Re: Internet 2020 Goals

Phillip Hallam-Baker <> Thu, 29 May 2014 12:00 UTC

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Date: Thu, 29 May 2014 08:00:28 -0400
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Subject: Re: Internet 2020 Goals
From: Phillip Hallam-Baker <>
To: Joe Touch <>
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On Wed, May 28, 2014 at 4:43 PM, Joe Touch <> wrote:
> On 5/28/2014 1:32 PM, Carlos M. Martinez wrote:
>> Interesting reading, but it doesn't really address the original post's
>> idea.
>> Setting some goals and a general vision is not prognostication. It's
>> thinking about how you want things to be, rather than trying to guess
>> what they'll be like.
>> You might never get there, and  that's ok. But it helps upholding values
>> and principles, and guides new work.
>> It's a bit like writing science fiction.
>> I, for one, would propose leaving past grievances in the past and to
>> look towards the future.
> My point still remains; the future lies with those who invent it, not with
> those who want merely to talk about it.

I think I have invented enough of the present to talk about the future.

The problem I see at the moment is that the IETF has been very US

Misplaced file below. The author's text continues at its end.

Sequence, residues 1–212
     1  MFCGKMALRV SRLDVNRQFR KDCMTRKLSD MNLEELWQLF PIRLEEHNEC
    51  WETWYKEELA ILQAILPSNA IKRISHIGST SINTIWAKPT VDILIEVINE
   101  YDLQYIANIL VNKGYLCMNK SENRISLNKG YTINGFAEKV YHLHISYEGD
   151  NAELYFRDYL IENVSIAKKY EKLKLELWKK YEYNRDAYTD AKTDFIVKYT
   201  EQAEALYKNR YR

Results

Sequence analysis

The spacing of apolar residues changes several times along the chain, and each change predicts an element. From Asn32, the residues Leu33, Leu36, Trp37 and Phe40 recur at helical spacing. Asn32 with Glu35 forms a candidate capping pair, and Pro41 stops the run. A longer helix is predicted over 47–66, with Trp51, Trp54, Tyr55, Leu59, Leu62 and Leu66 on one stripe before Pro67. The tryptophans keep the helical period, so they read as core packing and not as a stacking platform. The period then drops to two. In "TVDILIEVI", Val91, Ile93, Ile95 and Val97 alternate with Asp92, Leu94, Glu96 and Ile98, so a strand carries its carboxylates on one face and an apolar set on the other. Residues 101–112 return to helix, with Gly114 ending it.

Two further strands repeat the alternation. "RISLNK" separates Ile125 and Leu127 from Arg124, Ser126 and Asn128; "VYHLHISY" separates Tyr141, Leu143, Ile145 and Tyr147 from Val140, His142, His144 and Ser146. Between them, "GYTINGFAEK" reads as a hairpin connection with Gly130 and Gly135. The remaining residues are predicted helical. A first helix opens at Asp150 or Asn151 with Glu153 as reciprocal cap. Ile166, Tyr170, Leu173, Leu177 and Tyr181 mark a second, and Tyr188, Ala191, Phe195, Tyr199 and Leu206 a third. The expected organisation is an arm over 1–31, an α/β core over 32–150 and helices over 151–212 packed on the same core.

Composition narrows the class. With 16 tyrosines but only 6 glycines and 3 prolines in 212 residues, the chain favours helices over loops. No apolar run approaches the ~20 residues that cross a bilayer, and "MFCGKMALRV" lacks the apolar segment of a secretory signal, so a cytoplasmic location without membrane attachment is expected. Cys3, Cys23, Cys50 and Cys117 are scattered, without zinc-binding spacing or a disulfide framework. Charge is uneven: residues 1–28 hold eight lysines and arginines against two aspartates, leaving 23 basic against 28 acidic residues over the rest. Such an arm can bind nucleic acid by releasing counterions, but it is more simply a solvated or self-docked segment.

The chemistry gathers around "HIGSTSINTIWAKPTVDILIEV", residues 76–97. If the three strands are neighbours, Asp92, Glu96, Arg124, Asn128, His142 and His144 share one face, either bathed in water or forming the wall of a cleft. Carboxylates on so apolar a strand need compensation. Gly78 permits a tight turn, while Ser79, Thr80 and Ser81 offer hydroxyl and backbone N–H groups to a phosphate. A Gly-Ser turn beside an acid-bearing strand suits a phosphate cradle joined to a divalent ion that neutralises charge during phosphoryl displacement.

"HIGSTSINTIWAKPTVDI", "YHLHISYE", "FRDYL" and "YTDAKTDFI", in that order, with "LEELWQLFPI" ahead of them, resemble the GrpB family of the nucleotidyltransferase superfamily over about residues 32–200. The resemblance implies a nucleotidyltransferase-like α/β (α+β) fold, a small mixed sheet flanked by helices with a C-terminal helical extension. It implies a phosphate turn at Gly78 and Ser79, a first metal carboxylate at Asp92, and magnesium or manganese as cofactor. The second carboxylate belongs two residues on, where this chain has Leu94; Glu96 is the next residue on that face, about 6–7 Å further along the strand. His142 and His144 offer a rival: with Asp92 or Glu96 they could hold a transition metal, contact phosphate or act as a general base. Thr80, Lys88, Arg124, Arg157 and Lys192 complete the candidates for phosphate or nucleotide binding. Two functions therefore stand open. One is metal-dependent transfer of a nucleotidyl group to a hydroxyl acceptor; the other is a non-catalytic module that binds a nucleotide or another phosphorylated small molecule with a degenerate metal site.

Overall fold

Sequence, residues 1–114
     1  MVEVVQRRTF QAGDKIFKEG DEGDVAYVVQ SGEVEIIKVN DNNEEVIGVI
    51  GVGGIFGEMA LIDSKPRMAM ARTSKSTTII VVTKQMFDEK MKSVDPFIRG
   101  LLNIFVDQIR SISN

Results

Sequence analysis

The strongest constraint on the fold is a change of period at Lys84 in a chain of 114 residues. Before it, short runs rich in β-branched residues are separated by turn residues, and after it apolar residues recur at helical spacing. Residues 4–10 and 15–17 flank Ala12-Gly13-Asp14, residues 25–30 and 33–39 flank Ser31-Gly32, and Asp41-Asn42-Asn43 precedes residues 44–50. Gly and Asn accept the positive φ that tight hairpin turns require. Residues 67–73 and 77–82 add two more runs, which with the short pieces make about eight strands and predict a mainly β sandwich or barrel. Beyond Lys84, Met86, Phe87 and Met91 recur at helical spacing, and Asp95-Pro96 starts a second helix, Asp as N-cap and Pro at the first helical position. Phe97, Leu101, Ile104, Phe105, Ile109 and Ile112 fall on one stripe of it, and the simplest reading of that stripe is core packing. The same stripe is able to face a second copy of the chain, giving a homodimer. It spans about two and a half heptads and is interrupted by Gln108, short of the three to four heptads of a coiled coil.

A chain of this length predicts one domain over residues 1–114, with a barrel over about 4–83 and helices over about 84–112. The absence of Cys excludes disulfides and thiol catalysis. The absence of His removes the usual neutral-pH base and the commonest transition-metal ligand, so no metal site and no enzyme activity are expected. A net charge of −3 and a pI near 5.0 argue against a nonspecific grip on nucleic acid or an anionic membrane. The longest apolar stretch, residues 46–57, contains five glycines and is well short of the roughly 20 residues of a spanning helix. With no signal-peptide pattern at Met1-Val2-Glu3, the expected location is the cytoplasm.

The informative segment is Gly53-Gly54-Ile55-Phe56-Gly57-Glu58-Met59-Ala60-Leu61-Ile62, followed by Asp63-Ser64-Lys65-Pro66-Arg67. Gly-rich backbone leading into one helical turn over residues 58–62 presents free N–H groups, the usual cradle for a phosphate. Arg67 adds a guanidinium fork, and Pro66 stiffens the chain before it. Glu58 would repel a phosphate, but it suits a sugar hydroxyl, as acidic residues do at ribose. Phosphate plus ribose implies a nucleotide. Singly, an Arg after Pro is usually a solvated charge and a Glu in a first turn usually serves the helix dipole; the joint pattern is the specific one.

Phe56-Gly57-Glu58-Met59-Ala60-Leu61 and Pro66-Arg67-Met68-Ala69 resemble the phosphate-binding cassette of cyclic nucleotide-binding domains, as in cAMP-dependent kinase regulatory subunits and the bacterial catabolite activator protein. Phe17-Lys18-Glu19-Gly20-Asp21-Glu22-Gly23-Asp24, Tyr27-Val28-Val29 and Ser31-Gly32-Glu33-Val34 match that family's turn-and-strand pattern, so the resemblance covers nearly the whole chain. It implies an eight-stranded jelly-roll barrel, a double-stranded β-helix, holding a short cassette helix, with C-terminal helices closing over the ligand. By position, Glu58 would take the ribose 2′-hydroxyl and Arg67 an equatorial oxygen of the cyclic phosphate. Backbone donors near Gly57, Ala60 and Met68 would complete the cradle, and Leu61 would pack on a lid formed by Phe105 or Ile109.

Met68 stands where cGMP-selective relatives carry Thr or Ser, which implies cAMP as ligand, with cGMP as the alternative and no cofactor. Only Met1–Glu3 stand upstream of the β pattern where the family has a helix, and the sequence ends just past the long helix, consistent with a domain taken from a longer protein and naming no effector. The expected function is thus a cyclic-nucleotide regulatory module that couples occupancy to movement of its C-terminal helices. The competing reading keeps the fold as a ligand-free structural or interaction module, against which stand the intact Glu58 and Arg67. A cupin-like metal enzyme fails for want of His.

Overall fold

centric and the response to other governments suggesting they should
play a similar role to the US has been parochial at best.

> Absent research funds to make things happen, having the IETF - or ISOC -
> host such an exercise serves no useful purpose other than to occupy the time
> of the participants.

The US government has a tendency to plead poverty when it comes to
research funds. What funds that are available are often tied to
military goals.

Turkey is currently in an economic boom. Brazil has dumped $10 billion
on hosting the world cup and is looking to spend twice that on the
Olympics. Both governments intend to spend on networking research to
boost their countries to become the regional technology centers.

There is no shortage of research funds to 'make things happen'. That
being a superset of research funds available to US based researchers.